THE ROBBER – The Review
The stoic, determined , enigmatic loner has been the subject of many thrillers and action films. On either side of the the law, the single-minded protagonist has been a fixture in cinema perhaps best exemplified in the sixties and seventies movies of actors such as Clint Eastwood and Charles Bronson. In the new film THE ROBBER we get to see a character based on a real person from the Austrian director Benjamin Heisenberg.
We first observe Johann Rettenberger ( Andreas Lust ) running in circles around a small patch of grass. Soon we learn that he is in prison. Taking up most of the space in his small cell is a electric treadmill, which he immediately puts to use. Johann meets with his parole officer prior to his imminent release. Thr officer wants to make sure that he has a plan for the outside and does not become part of another bank robbing gang. Johann tells the man what he wants to hear. After his release he rents a tiny, dreary apartment close to the train station. He then goes to a job placement center and re-connects with a counselor Erika ( Franziska Weisz ). The talk a bit about his old gang. Soon Johann is back robbing banks, but this time he goes solo. He also continues his running regimin and enters a marathon race. Visiting Erika in the spawling apartment she had shared with her late mother, Johann is invited to live there in one of the empty bedrooms. The roommates soon become lovers as his crime spree continues. Can he keep his criminal activites a secret from her? And when will the authorities catch up?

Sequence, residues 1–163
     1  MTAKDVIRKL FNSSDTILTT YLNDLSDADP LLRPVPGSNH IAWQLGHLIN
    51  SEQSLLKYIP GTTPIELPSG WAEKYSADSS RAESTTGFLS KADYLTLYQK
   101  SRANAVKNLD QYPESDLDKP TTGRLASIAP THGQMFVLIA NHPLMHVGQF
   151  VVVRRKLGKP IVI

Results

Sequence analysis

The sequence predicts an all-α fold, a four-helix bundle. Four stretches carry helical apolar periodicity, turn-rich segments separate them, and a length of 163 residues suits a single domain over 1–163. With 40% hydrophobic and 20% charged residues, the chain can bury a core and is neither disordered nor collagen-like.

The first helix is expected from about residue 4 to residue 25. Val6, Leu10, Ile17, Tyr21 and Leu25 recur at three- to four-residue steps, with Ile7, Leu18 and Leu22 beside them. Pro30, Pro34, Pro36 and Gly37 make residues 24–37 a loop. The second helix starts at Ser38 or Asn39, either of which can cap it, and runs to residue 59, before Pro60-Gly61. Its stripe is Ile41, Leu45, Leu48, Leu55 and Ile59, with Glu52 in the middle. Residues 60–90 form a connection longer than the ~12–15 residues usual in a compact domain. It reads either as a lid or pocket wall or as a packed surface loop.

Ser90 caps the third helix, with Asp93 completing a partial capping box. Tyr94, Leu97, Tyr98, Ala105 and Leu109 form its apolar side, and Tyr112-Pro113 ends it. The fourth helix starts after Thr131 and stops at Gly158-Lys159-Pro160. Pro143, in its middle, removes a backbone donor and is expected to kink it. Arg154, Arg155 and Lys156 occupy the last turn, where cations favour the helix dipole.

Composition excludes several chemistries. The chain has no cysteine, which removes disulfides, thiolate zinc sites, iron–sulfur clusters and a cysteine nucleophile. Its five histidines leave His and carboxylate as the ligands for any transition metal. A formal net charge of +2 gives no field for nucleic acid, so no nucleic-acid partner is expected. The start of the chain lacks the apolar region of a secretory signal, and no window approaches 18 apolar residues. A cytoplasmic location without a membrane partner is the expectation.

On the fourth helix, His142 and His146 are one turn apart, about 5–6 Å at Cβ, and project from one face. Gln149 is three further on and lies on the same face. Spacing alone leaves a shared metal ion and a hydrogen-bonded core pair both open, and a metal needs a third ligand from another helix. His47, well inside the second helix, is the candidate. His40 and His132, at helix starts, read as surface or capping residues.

THE ROBBER is a fairly simple story told with a great deal of energy by Heisenberg. You can almost feel the adrenaline rush doing the hold up sequences perhaps more than in THE TOWN since Johann has no partners. One robbery goes terribly wrong and Johannn must abandon his stolen car and flee on foot. This is a wonderfully suspenseful bit of editing and camerawork as he dashes through buildings with no idea where the exit doors are located. In another great chase scene he bolts out of a police station and eludes his pursuers in the dark streets. Lust portrays him as a mystery. We don’t understand why he makes no attempt at living a normal life. Is he addicted to the danger? There’s no back story that explains his behavior. Erika tries to break through his tough demeanor with no success. THE ROBBER is a tense, taut, little thrill ride that is an interesting European spin on the American crime noir classics.
Overall Rating: Four Out of Five Stars